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Looking for pros and cons on thermal throttle. Is it a feature that is needed on cameras? Does it really assist a FF in his search and reading conditions?

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I think the thermal throttle is a good thing to have if you know what you are looking at. By adjusting the throttle you are trying to get a "better" picture, but you lose contrast while trying to get that picture. This can be very detrimental if you are not aware of your surroundings and just paying attention to the imager.
I think the thermal throttle is best for situations such as overhaul and smells and bells type calls. Consider if the thermal throttle became engaged on accident while in a fire situation. This could lead to confusion and ultimately, compromise safety. If you have a thorough inderstanding of image interpretation, the thermal throttle is not needed.
I know for the Bullard T3max the thermal throttle will not operate if the super red hot feature is operating. This will prevent it from engaging in a fire room. Firefighters have to remember the basics. If it is to hot they need to leave or cool the room. A true understanding of the camera is a must to keep the crew safe.
Nice to have but do we need it??? When buying TIC's why not spend the savings from the Thermal Throttle and use it for something else. How did we get by on checking "bells and smells" before the camera came along? Are we so dependent on gadgets that we've gotten away from the basics? Don't get me wrong I believe that The TIC is the best thing that has come down the road for us in 20 years but we've become so TIC driven that we're getting away from the basics. The fire department is becoming "gadget happy". You see it everywhere...SCBA's with so many bells and whistles that you need a case of batteries just for routine maintenance. RIT Paks with so many tools and attachments that you need a mule just to carry it, never mind trying to search for a down jake with it. Guys carrying so many "gadgets" on their coats and helmets that they look like they're on the Nascar curcuit. So I throw out the question again....Does the TT help you in your search and in reading conditions or will a better understanding of your screen and how to interpret what your are seeing enough?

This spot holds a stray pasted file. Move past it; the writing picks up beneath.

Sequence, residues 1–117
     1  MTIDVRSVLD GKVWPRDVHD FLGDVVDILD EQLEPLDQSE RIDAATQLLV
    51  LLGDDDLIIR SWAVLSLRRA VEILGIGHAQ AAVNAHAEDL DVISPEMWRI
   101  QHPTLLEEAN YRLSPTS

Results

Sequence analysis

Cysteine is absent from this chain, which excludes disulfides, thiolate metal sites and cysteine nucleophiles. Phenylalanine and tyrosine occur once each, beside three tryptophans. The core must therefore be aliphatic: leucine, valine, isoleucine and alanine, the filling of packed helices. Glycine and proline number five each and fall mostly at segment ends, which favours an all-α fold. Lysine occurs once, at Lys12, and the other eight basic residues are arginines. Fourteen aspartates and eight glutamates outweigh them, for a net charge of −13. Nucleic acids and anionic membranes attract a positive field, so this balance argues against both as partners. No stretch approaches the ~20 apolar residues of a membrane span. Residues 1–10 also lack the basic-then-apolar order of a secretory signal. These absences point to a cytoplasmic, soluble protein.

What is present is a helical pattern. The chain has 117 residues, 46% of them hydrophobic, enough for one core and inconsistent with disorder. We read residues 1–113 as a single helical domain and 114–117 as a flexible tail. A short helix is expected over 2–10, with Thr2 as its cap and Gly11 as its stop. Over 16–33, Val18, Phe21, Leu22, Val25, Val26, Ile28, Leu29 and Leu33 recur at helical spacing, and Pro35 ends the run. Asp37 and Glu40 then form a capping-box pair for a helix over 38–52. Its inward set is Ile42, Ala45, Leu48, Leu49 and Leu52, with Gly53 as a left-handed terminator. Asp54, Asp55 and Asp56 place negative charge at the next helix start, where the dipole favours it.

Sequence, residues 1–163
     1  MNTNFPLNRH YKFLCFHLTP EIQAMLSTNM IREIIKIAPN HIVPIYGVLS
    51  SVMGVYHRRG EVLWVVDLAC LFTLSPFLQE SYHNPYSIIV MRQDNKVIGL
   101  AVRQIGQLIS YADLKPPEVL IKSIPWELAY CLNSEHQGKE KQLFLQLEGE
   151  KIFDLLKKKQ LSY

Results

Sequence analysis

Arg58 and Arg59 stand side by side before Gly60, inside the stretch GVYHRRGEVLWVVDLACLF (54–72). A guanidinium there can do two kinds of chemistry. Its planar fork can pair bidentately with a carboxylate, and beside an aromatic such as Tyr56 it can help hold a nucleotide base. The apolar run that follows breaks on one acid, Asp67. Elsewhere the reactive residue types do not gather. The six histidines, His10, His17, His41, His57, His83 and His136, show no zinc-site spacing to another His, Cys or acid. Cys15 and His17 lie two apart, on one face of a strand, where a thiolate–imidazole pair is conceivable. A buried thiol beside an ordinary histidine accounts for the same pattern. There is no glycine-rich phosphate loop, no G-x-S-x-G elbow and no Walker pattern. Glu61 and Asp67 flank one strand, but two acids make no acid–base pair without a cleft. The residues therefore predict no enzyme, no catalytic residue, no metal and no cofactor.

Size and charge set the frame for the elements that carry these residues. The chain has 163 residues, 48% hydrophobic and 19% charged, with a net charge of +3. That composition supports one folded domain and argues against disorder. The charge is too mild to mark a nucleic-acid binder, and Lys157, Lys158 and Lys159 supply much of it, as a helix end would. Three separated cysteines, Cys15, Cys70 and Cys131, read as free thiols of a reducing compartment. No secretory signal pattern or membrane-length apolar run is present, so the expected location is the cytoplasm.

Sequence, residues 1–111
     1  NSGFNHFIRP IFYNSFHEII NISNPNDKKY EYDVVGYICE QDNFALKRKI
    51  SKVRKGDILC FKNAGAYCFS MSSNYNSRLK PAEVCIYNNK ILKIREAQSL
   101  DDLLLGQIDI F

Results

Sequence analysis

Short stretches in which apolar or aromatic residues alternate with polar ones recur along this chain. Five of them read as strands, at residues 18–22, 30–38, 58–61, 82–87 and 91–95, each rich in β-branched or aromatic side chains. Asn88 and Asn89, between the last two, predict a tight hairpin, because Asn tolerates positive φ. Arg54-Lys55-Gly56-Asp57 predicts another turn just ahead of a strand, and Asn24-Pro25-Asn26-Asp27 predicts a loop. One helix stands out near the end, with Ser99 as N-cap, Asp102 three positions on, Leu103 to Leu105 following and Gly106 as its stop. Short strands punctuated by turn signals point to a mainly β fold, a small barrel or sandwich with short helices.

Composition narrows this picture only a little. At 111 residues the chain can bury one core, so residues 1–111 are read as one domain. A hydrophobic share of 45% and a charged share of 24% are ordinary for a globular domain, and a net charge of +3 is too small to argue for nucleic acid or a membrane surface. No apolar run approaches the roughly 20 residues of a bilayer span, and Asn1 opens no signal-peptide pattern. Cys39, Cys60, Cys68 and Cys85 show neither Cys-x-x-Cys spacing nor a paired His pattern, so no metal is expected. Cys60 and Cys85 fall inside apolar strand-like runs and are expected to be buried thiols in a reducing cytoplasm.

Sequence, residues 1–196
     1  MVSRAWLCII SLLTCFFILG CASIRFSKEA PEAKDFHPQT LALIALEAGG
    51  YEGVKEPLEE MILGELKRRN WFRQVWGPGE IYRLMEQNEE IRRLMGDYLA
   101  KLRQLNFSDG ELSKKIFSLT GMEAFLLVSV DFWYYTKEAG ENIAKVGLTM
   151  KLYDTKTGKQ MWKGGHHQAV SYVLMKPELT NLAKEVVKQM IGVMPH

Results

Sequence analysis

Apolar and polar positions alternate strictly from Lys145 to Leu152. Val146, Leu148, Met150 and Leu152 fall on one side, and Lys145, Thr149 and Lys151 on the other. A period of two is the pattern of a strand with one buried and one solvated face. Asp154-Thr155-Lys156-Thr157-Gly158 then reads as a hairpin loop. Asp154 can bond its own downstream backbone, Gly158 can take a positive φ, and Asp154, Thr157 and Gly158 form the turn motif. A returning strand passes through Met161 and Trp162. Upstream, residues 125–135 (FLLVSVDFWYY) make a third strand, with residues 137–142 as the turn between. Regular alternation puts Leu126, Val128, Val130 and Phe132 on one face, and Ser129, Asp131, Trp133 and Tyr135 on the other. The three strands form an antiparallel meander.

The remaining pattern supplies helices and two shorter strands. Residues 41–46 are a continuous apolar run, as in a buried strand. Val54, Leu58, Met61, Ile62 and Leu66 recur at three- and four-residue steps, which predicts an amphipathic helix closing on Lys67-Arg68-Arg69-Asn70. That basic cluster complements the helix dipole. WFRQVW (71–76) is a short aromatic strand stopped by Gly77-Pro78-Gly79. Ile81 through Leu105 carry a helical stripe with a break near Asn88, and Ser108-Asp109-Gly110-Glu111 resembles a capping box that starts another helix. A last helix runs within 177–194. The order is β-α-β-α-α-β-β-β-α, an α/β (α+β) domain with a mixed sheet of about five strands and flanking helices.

Need to have? No!
Brother Lasa,

You are right Brother. How many gadgets do we need? A TIC is a tool. Plain and Simple. The more we focus on the TIC the less we focus on sound firefighting tactics. A TIC should be used for a quick scan of the area and then let hang or at least not focusing on it. Use it periodically to monitor conditions then switch back to good techniques for Search and Rescue.

We have one TIC in my city that has the Thermal Throttle. To be honest, I don't even know if any of our troops have been trained on how to use this feature... Anyone else see an issue there???

Be Safe Brothers,

E
Our TIC's are older and don't have that feature. The few times I have seen it it could have use, but like Sandy says .. how many bells and whistles do you need and it's just another thing to break on the TIC. I would say for the limited use of it, it's not needed.
Hi Sandy, we met at the tow yard last year. I'm very sorry about your loss.

The entire concept of the thermal throttle is that it is the mechanism that is similar to the one that makes your pupil dilate or constrict. In some TIs the t/t is manual; in others it is automatic, such as the 'electronic iris'. All TICs need this engineering so that the sensor plate doesn't overload with thermal energy and fail. Sort of like when you look at the sun, you can put welders' goggles on, or you can squint.
In short, all TICs have it in one fashion or another. It is of great value as the Safe-IR instruction will tell you. The activity of the t/t essentially shifts the TIs gears. When it activates it goes into a low sensitivity to eliminate the big white cloud (white out) of thermal energy so that you make see a better image, and only the 'hottest' stuff regarding the fire. This is why the TI named below by Mike Dovel operates the way it does. This enables us to visualize the present conditions and objects in a clearer fashion.

Be Safe,
Dave
My department has decided to add a second Bullard TIC to the TIC line-up, for a total of three cameras. The member that researched the purchase agrees with the majority of the previous posts. TT is nice, when you know how to use it, but truely and added expense.
We should also be aware of the differences in just what the terminology implies. Some of what's been discussed can be misunderstood. What Dave G refers to is a combination of the automatic adjusting in gain and then shifting into the less sensitive range of the sensor when it detects higher energy levels. These inputs are automatic with little operator control. What Sandy refers to is the "Electronic Thermal Throttle" on a particular brand. This option does not actually duplicate it's namesakes function which was a manual IRIS or "gate" which mechanically opened or closed to allow full or lesser amounts of energy into the sensor. It was seen in Raytheon technology used in at least two different manufacturers' TIC's and was reffered to as the Thermal Throttle by the manufacturer. Confused? Or enlightened?

Dean Babineau said:
My department has decided to add a second Bullard TIC to the TIC line-up, for a total of three cameras. The member that researched the purchase agrees with the majority of the previous posts. TT is nice, when you know how to use it, but truely and added expense.

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